Deputy Minister of Energy in-charge of Petroleum, Dr Mohammed Amin Adam has stated that the country’s upstream oil and gas sector has created a strong foundation for the service industry to propel a meaningful growth of the economy.
He says the service industry has already built a robust ambiance for greater value addition to the country’s economy through the supply of goods and services by contractors and sub-contractors.
$8.2 billion paid
Speaking at the 2018 Local Content Conference and Exhibition in Takoradi, the minister said, “the period between 2013 and 2017, witnessed a total value of services worth $8.2 billion paid to companies in the oil and gas industry.”
Out of the amount, he said $1.2 billion representing 16 per cent and $1.5-billion representing 18 per cent worth of contracts were awarded to indigenous Ghanaian and joint venture companies respectively.
He said much as the progress is welcomed within the support services aspect of the industry, there is room for more and that a systematic approach coupled with commitment to the cause would position the country even stronger.
He said as of October 2018, the total value of contracts awarded to indigenous Ghanaian entities and joint ventures by two major upstream lead operators – Tullow Oil Ghana and ENI – amounted to $850-million representing an increase of 44 per cent.
The industry, he said continues to see more progress as Aker Energy, which is about to commence work on the Deep Water Tano Cape Three Point block, awarded contracts worth $40-million to joint venture companies in accordance with local content commitments.
“I must say efforts made to ensure Ghanaian citizens are gainfully employed in the oil and gas space cannot be overemphasized. The industry has seen a substantial growth of 4,120 Ghanaian employments in 2013, to about 13,000 representing more than 174 per cent growth as at October this year,” he said.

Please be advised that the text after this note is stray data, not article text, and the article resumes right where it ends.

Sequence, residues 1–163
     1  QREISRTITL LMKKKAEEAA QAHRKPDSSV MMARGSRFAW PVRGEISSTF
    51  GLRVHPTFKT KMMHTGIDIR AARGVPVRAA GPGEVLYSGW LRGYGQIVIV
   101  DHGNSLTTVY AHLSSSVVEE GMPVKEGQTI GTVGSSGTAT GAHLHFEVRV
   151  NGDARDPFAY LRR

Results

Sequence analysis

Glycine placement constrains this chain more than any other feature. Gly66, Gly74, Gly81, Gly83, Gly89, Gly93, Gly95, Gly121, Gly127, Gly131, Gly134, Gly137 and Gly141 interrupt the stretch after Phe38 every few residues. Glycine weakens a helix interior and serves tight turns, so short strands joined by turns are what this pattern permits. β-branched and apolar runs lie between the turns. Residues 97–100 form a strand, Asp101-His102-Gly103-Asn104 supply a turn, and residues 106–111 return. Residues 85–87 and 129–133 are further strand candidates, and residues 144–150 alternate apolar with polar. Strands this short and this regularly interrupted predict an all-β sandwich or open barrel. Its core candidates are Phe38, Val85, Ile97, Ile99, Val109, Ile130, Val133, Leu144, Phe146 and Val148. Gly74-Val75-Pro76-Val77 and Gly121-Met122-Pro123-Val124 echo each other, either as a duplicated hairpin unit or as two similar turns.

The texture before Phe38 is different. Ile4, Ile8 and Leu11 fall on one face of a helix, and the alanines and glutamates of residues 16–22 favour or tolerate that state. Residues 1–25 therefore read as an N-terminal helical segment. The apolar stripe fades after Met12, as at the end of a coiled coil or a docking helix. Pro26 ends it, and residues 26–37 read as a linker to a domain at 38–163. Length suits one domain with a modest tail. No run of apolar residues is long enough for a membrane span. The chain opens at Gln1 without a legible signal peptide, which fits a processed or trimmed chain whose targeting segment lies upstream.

This achievement, he said, signifies the rapid growth of the industry, which he said could be attributed to the rigorous implementation of the work permit and facilitation process by the country’s upstream regulator, the Petroleum Commission and other relevant agencies.
The acting Chief Executive of the Petroleum Commission, Mr Egbert Faibille Jnr., said aside a lot of issues pertaining to local content and local participation, recent developments in the industry have placed on the Commission a responsibility to train Ghanaians.
He said building the capacity of indigenous Ghanaians would ensure the development of the skills for placement in the industry, saying, it is in that regard that the Commission has since launched the accelerated oil and gas capacity building programme a year ago.
More support for training
He said the move has seen commitment on the part of some companies such as Aker Energy offering to support the accelerated oil and gas capacity building programme with $4.5 million to the initiative. “I know Baker Hughes and GE are also lining up to announce its contribution soon, likewise a few others.”
The chief executive said it was obvious that government’s intention to invest in the education of its youth as a national development priority would provide the relevant services and expertise to the oil and gas industry and other allied industries.
The Director of Local Content at the Petroleum Commission, Mr Kwaku Boateng took the participants through the five-year trajectory of the Commission and its preparations for the future.